How often do you find yourself losing your temper or later regretting what you said in the heat of things? Triggers, situations or actions of others are beyond our control but what we can take charge of is our own Emotions.
Let not the emotions hijack us. Experiencing emotions is a normal process and there is nothing right or wrong in it. But being able to observe our emotions even when they are overwhelmingly powerful gives us the space to think and then respond. While we cannot pick and choose our emotions but we can definitely choose how we respond to them.
The first step to managing our emotions is to acknowledge how we are feeling. Am I feeling sad? Am i feeling nervous? Labeling the emotions helps us to be more in charge and also understand the reasons why we feel what we do. "I am feeling anxious because the project submission deadline is tomorrow." It's also an opportunity to observe how our emotions effect our decisions.
Managing our emotions is not about suppressing them, but it's about choosing how and when to express them. There is a huge difference between reacting and responding. Reaction is typically quick, impulsive and without much logic, reason or thought. Whereas responding is more calm, thoughtful and allows for assertiveness without being aggressive.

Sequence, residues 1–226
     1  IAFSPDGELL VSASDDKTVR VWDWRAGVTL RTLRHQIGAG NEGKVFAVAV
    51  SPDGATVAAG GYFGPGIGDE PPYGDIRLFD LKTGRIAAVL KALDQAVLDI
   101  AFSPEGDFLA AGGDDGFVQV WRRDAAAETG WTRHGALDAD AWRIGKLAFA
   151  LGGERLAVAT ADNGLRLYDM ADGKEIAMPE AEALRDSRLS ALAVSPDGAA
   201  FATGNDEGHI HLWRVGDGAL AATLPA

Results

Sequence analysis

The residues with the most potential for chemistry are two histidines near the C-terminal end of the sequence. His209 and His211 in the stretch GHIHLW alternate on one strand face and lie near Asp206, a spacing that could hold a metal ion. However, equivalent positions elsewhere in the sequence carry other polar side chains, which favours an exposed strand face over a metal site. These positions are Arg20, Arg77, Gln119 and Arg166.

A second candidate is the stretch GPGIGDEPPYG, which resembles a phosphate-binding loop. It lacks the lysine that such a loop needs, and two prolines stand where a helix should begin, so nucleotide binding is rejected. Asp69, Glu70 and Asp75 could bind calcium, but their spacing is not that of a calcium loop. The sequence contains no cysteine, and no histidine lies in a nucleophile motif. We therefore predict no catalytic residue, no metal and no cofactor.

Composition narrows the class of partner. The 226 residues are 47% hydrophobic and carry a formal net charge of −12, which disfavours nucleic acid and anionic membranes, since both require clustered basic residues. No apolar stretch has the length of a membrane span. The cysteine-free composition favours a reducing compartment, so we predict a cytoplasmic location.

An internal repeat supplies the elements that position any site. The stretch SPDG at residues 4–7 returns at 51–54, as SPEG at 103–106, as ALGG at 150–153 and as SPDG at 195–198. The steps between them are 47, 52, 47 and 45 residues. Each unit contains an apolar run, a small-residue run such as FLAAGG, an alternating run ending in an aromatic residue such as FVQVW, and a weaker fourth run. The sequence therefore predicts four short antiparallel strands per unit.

Our emotions, thoughts and behaviour are all linked together. Triggers like events, things and people around us leads to thoughts, emotions and actions. Everyday we are faced with numerous emotions provoking stimulus which requires action or response from our side. “Between stimulus and response there is a space. In that space lies our freedom to choose our response. In our response lies our growth and our freedom”. — Viktor Frankl.
Practising STOP skills technique has helped me to a great extend to manage my emotions effectively
Stop! Do Not react. Your emotions may take over your act, so stay in control.
Take a mental and if needed physical step back from the situation. Take a deep breath and relax. Do not let your emotions let you act impulsively.
Observe and take a note of the situation. What are your thoughts and feeling? Who are the people around? What are they doing?
Proceed mindfully. Think of what you want to achieve from the situation and Ask your wise mind what is the best way to respond. Consider the consequences.
Definitely, this practice does not come easy and in spite of your best intentions, you may find yourself giving in to those transient overpowering emotions or slipping into habituated ways of responding to situations. But conscious and consistent practise it is possible and healthful to develop emotion management skills.